Are airplane flyovers searches? What about satellites and spy planes? Thermal imaging? How about bouncing lasers off windows to eavesdrop by reading the sounds off the vibrating windows? What about radiation scanners in residential neighborhoods? Foreign Intelligence Exceptions? What does United States v. Brown, 484 F.2d 418 (5th Cir. 1973) tell us? What is the primary purpose doctrine? Domestic organizations with foreign objectives - Zweibon v.Mitchell, 516 F.2d 594 (D.C. Cir. 1975), cert. denied, 425 U.S. 944 (1976) What is the group? What foreign policy problems where they causing? Did the DC court require a warrant? What about for wiretapping American citizens living in Berlin? Black bag jobs Warrantless break-ins No records were kept, evidence was not admissible but was useful Widely used prior to their being banned by the FBI in 1966 US v. Ehrlichman, 376 F Supp 910 (1974), affirmed 546 F2d 910 (1976) Whose office did they break into? Why? Was there any urgency in this break in, i.e., did they have time to get a warrant? What is the reason the defendants gave the court for not getting a warrant? Defendants cite the wiretapping cases for foreign intelligence as precedent
How is this different? Does it also matter that he is a psychiatrist? What other persons' privacy is at stake? Does the court decide whether the president could have ordered the break in? Why? US v. Truong Dinh Hung, 629 F2d 908 (1982) - 633 Why wasn’t this covered by FISA? What was Truong doing that lead to this case? How was he caught? Why didn't the government arrest him at once? How did they conduct the investigation? How as this authorized? Who do they catch as the source? How is this case distinguished from Keith? What factors did the court base this finding on? Why do Defendants say the evidence should not be admitted? What does the district court rule? What test do the Defendants want for national security surveillance? What did the circuit court order? Notes What is the primary purpose test? At what point does an investigation change from ‘‘primarily’’ foreign intelligence collection to ‘‘primarily’’ law enforcement? Does the ‘‘primary purpose’’ rule adequately accommodate the competing interests?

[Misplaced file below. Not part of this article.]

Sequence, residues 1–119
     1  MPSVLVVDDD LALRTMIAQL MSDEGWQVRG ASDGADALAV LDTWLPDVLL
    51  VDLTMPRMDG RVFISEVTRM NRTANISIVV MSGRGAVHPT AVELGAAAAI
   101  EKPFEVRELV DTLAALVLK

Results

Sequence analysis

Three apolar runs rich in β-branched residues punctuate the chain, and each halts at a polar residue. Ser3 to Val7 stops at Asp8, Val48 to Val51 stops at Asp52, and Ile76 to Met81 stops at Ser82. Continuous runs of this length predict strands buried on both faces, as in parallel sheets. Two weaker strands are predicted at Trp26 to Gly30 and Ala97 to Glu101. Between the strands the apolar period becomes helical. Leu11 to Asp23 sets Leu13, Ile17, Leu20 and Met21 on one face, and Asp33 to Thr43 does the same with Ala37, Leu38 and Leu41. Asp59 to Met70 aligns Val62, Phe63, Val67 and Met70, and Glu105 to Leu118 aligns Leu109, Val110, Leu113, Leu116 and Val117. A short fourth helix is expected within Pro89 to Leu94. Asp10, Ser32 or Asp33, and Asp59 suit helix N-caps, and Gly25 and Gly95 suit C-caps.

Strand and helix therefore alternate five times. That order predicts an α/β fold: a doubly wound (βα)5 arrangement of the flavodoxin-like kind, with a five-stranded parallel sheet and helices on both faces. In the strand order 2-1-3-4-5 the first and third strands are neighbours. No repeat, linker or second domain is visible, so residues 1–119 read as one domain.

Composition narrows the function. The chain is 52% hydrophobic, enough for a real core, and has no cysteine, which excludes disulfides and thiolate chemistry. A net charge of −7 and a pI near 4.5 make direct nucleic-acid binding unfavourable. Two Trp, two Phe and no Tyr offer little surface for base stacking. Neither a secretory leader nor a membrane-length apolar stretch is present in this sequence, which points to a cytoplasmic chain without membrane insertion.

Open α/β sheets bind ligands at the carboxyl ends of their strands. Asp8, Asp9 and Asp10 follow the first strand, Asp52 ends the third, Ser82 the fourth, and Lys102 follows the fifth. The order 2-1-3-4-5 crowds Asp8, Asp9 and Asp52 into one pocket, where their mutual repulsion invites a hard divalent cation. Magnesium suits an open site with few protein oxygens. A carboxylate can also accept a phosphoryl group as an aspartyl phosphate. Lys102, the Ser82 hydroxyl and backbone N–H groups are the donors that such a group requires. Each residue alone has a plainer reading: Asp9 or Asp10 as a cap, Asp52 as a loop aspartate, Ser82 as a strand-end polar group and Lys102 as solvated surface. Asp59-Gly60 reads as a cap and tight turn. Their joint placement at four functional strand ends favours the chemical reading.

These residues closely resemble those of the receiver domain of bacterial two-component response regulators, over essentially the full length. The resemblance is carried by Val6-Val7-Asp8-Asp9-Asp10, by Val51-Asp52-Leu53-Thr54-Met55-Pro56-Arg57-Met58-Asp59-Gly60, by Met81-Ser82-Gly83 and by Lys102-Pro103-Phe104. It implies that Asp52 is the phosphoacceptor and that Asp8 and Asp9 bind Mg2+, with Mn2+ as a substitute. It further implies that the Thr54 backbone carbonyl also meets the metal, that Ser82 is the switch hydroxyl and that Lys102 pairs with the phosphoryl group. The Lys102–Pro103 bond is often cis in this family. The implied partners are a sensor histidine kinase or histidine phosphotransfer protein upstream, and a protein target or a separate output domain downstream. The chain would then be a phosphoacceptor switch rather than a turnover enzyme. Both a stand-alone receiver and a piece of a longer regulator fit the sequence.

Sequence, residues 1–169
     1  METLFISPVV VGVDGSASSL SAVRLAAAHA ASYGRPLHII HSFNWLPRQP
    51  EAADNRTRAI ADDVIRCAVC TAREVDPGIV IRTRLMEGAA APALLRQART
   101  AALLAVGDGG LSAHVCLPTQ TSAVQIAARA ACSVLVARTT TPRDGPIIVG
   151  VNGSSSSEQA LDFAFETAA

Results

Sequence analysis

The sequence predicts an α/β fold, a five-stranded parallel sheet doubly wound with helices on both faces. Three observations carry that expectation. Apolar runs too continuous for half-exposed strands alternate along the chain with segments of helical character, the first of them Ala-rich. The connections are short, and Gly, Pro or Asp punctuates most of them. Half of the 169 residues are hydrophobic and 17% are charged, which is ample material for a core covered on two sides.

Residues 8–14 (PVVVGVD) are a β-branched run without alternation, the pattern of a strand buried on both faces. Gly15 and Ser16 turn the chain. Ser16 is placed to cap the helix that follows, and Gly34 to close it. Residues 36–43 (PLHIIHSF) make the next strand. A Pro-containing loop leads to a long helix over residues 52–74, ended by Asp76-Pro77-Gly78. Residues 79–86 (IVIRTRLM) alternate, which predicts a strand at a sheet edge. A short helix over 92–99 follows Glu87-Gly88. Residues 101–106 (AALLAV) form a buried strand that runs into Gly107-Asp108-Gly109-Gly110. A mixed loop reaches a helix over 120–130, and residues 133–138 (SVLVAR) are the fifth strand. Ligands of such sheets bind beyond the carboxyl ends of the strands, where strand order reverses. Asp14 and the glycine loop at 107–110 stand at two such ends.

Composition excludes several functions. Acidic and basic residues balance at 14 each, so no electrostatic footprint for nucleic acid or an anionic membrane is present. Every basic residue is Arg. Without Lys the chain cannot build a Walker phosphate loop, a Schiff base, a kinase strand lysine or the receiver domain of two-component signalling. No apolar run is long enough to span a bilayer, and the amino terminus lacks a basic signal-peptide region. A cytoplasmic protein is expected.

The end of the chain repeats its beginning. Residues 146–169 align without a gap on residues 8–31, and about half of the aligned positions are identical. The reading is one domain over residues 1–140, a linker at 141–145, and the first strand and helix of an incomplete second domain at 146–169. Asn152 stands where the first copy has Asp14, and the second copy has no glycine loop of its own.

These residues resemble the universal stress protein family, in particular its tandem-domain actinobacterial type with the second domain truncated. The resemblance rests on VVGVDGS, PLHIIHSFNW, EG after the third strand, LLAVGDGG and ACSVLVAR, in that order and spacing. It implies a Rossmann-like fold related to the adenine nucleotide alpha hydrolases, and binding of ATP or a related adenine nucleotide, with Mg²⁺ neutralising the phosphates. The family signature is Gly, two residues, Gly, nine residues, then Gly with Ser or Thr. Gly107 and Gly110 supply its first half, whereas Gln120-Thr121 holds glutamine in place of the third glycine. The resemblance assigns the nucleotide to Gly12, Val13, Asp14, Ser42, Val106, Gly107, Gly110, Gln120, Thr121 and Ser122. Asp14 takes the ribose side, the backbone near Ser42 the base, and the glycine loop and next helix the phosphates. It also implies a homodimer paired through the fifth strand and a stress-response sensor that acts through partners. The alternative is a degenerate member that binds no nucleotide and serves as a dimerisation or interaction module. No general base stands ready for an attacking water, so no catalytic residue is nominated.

If defendant gives a package to a third party to carry to someone, is there an expectation of privacy in that package? Why is this different from giving the package to the post office? Is there an exception for the post office if it is a national security matter? If the United States Supreme Court’s test for a constitutional right of privacy is a reasonable expectation of privacy, how will this change in the modern connected world? If a significant segment of the population gives away their expectation of privacy, does this destroy the right for all us? Is the expectation of privacy personal or societal?